By: Lucy Bennett
All existing charter schools have applied to become state or integrated schools, Education Minister Chris Hipkins announced today.
Two schools, Te Kura Māori o Waatea in Māngere and Tūranga Tangata Rite in Gisborne, have applied to become integrated schools similar to Catholic schools.
The other 10 have applied to become designated-character state schools, where the state will take over the properties but sponsoring bodies may be allowed some sats on the boards of trustees.
The Ministry of Education will consult on the applications and assess them before reporting back to Hipkins next month.
He said he expected to make decisions on their future by the end of July.
Hipkins has also appointed a new advisory group to monitor the schools’ performance while they remain charter schools, replacing an authorisation board led by former Act Party president Catherine Isaac which resigned en masse in February.
The new group will be led by former Ministry of Education regional manager Bruce Adin, who was immediately slammed by Act Party leader David Seymour as an “ex-union boss”. Adin was president of the primary teachers’ union, the NZ Educational Institute, in 2003.
Other members of the new advisory group are former City of Manukau Education Trust chief executive Bernadine Vester, former Deloittes chief executive Murray Jack, Ōtāhuhu Primary School principal Jason Swann, former Ministry for the Environment deputy head Te Rau Kupengaand Māori mental health veteran Moe Milne.
Seymour, whose party initiated charter schools through its coalition deal with the former National Government, said the new group showed that Hipkins “has put the teachers’ unions ahead of tamariki”.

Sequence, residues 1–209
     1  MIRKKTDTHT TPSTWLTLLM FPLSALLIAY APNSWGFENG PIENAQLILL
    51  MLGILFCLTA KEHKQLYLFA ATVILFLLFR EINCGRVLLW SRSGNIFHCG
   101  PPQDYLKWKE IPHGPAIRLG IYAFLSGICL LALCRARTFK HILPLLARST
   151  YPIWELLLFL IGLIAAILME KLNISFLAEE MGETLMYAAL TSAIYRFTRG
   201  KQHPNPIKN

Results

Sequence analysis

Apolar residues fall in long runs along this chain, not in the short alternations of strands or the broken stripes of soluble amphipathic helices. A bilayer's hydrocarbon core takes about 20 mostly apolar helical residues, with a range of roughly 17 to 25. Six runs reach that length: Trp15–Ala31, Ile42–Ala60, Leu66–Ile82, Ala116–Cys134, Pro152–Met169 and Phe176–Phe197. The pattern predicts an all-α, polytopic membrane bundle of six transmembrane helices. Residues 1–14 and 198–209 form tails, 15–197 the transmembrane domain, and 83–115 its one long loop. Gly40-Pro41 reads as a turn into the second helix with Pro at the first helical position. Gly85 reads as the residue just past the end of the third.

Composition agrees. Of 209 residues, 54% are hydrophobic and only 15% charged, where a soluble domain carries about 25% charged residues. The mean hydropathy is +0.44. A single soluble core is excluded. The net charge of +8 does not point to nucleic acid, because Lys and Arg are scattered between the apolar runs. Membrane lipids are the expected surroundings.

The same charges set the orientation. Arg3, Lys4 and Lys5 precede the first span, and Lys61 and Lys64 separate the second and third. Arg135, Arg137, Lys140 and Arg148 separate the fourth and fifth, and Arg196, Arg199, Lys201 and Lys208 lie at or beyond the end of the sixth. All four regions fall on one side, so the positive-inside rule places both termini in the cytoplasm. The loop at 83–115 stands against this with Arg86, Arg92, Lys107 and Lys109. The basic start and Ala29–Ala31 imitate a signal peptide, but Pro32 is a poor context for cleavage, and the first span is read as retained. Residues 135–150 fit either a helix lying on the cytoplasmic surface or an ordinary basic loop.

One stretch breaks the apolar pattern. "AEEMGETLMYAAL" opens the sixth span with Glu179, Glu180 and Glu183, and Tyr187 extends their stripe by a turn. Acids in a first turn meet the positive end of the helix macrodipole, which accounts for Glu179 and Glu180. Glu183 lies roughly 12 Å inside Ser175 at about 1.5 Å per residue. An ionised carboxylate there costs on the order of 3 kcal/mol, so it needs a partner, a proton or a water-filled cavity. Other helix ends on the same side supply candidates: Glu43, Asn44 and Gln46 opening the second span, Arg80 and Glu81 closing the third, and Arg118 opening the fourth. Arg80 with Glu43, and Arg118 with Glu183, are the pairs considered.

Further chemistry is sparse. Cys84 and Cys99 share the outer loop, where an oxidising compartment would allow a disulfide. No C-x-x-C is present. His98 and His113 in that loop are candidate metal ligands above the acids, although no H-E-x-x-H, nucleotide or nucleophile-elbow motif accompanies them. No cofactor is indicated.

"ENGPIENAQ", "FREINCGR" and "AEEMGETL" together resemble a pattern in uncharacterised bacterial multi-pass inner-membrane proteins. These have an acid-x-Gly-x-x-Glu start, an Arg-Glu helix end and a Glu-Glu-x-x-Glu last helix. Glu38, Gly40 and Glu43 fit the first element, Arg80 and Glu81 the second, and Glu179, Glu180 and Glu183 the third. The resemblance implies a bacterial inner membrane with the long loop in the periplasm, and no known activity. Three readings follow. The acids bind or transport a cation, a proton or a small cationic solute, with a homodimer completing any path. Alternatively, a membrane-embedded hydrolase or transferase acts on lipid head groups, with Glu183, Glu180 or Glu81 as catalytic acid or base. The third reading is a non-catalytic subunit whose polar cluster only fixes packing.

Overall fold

National’s education spokeswoman, Nikki Kaye, said the Government’s announcement on what was in effect the schools’ only lifeline was ridiculous.
“This is a really ridiculous assertion from the minister that this is somehow a signal that they’re all on board with Government policy.”
Hipkins introduced the Education Amendment Bill, spelling the end of charter schools, in February.
“The Government’s strong view is that there is no place for them in the New Zealand education system,” Hipkins said at the time.
Five charter schools scheduled to open this year will no longer do so.
The existing charter schools have a combined roll of about 1300 students.
Hipkins wanted existing charter schools to wind up before the end of their contracts by mutual agreement but if early termination was not agreed by both parties he reserved the right to issue a notice of “termination for convenience”, by the middle of this month.
The final cost of removing the charter school model is unknown. Financial compensation for schools that have their contract terminated would likely cost up to $1 million in financial compensation to the schools, according to a Cabinet paper.
Source: NZ Herald
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